ALBURY-Wodonga "absolutely" should be on a new list of "rapid growth" regional cities being compiled by the federal government for specific investment.
Regionalisation Minister Bridget McKenzie gave that response to The Border Mail on Friday after delivering a speech in Wodonga that outlined plans to foster expansion in country hubs.
"I have tasked my department to identify a group of regional cities that meet a defined set of criteria that could be future cities of rapid growth," she said.
Those conditions include having locations in every state and territory bar the ACT and the cities having a population between 25,000 and 250,000 and being at least 90 minutes from a capital city.
A further 14 factors would also be assessed, such as a digital links, economic self-sufficiency, housing affordability and availability, health services and drinking water supply.
Senator McKenzie told The Border Mail the Twin Cities "tick all the boxes".
She said the fast growth focus was in addition to the Regional Deals policy which has already seen Albury-Wodonga earmarked for federal funding as part of a pack with state governments.
"It actually builds on the Regional Deals," Senator McKenzie said.
"It's about finding targeted investment where you're going to actually get the most bang for your buck.
"It's about saying these second tier cities are not suburbs of capital cities, they are actually unique entities in and of themselves...(with) unique opportunities for growth."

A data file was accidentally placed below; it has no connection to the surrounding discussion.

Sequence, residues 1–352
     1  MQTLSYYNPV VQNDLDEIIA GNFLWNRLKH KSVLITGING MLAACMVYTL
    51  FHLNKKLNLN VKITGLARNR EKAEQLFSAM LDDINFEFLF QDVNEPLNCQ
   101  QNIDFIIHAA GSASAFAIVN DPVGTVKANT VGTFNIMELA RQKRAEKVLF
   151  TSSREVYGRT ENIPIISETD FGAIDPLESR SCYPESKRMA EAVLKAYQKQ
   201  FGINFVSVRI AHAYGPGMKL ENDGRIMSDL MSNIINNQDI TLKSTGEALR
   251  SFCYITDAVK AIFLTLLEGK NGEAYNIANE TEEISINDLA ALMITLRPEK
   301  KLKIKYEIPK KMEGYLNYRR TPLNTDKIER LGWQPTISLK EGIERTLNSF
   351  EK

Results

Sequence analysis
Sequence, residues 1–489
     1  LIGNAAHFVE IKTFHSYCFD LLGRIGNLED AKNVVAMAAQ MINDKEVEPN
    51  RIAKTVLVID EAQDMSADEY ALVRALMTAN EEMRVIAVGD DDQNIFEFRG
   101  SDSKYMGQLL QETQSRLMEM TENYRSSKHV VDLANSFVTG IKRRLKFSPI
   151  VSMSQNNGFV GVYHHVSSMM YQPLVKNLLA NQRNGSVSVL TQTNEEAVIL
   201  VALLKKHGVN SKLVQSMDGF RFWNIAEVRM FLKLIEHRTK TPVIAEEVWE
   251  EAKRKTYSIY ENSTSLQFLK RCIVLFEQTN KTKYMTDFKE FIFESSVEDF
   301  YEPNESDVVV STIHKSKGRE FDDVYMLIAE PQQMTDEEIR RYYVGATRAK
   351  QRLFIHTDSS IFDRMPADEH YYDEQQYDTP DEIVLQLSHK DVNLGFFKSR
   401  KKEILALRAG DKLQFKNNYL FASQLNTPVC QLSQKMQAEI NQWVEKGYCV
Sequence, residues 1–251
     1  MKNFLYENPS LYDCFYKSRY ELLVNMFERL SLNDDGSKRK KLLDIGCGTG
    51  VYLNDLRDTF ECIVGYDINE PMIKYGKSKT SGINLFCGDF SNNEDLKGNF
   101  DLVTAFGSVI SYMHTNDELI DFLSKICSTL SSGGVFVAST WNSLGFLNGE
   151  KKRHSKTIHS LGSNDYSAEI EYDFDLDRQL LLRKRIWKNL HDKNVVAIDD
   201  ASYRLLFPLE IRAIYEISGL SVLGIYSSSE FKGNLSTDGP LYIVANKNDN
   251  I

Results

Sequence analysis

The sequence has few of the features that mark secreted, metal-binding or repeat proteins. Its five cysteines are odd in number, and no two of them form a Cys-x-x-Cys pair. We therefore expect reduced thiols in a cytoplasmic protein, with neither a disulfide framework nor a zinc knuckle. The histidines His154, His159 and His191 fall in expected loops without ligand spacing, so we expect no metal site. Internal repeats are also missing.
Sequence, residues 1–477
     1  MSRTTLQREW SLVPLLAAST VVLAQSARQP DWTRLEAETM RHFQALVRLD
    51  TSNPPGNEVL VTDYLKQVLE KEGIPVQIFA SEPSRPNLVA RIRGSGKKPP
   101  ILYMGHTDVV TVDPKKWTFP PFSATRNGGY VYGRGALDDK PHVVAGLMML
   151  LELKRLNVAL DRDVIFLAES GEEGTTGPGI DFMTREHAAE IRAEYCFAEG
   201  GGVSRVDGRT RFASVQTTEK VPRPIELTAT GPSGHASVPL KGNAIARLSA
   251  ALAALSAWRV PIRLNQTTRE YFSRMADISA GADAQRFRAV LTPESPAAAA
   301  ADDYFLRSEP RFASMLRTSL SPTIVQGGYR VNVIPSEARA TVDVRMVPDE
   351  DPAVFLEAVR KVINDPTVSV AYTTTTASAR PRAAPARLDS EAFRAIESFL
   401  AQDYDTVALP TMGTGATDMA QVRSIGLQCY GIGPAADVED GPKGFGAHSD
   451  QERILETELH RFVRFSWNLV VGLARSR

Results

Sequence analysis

Senator McKenzie hoped the cities would be identified before the pending federal election.
Business NSW Murray-Riverina regional manager Anthony McFarlane was among the audience at The Cube for the minister's speech.
He hoped the rapid city investment would "turbo charge" Albury-Wodonga's Regional Deal.
"I'd love to see it and it would provide that foundation for some solid growth into the future," Mr McFarlane said.
The Regional Deal's progress has been stalled by the Victorian government not fully committing.
Senator McKenzie said she was "ever hopeful" that Spring Street would ratify the package and hoped the state government was not waiting for the federal election to pass before making a commitment.
IN OTHER NEWS:
"The growth of prosperous, sustainable regions requires bipartisanship, because it cannot occur within an electoral cycle," she said.
Senator McKenzie's speech was hosted by the Regional Australia Institute and its chief executive Liz Ritchie, the former director of the Deniliquin Ute Muster.
She welcomed the oration, saying it was a turning point for regional areas and applauded the call for 50 per cent of Australia's population growth to be outside capital cities.
The institute is conducting a marketing campaign, Move to More, via billboards, radio and social media in Sydney, Melbourne, Brisbane and Perth to encourage tree changes.
Our journalists work hard to provide local, up-to-date news to the community. This is how you can continue to access our trusted content:
Sign up for our newsletter to stay up to date.